It is not something I ever care to feel, but as he has come back on the golf scene, for the past year, he has been unable to put any kind of Tiger like run together and I think it is because he has not been able to rebuild his confidence to the level it was before the meltdown.  Maybe it will come at the Masters this week, but I am not holding my breath.  I hope for him it does some day happen and he can turn the corner, but it will only happen when he can come to terms with the train that he derailed all by himself and all the carnage that it did to people’s lives.

That is easier said than done.  Tiger took the podium in February of 2010 and stated that he will again lean on the Buddhist teachings of his mother, but an examination of the teachings of Buddhism shows that although it may be a great way for him to invoke some self-discipline back into his life, there is no offer of redemption.  That is what is needed most for Tiger-redemption. 

Like Rannulph Junah, Tiger has to find a way to forgive himself for the pain and suffering he caused.  I think that is what is holding his game back.  People who have the Go button on constantly walk a fine line when managing their intensity, but there has to be an outlet for them to dump their issues and this is where Christianity comes to the fore.  Its tenets allow him to lay down his burdens forever.  Junah’s character in the movie comes to a point on the last nine holes where his new-found confidence has caused him to become cavalier about his golf game again.  When he hits an errant shot into the woods, his fears come back and he relives the battle that has scarred him. 

 In that scene Bagger tells him that it is time to lay it down.  Junah replies that he can’t and that he doesn’t know how.  Bagger tells him that he has been with him all along and has brought him to this point.  It is at this point that Junah realizes that God is there no matter what, and that God wants Junah to let him in so he can heal his pain. Junah accepts and he is redeemed.  Buddhism cannot offer this to Tiger.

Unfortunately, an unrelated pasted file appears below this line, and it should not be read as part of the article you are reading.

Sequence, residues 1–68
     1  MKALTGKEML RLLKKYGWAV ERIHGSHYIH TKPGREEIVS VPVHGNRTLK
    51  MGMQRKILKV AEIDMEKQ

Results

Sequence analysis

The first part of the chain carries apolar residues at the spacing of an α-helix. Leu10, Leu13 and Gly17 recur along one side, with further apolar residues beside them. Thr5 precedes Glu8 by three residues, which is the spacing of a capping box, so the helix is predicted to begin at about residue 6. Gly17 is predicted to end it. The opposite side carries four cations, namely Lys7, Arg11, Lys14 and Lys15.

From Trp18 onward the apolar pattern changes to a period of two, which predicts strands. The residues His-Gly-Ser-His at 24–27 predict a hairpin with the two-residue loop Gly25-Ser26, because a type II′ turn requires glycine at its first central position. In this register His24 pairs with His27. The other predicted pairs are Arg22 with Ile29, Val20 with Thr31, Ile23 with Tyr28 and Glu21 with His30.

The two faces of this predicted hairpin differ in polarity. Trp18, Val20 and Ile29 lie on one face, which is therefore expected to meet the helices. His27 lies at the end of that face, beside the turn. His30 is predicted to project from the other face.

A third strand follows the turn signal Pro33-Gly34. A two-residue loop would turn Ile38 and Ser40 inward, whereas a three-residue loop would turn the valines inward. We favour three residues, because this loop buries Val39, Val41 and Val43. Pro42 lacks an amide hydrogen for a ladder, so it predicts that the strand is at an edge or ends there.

Tiger’s admitted quest of trying to beat Jack Nicklaus’ record for major championship is indirect violation of both the Second and Third Noble Truth of Buddhism.   According to the Buddha, suffering is brought about by the craving for success (Second) and the Third Noble Truth claims that suffering will end when desires are eliminated.  The desire to win a golf tournament as a golfer cannot be eliminated.  If it does, there is no competitive fire. 

Brit Hume, long time Fox News anchor, spoke to Tiger’s need to embrace Christ and Christianity to find the forgiveness within himself.  I agree.  Allowing Christ into your life allows an individual to separate himself from the sins he has committed.  Christianity is based on God allowing his Son to suffer on the Cross for the sins of the world.  Because of this sacrifice, we are redeemed and we can achieve salvation through the acceptance of Christ as our Lord and Savior. 

I believe, like Brit Hume, that Christ is the only one who can calm the inner turmoil that lives inside Tiger Woods and I believe that if he would seek him, and achieve peace through him, both he and his golf game will be redeemed.  Just like Rannulph Junah.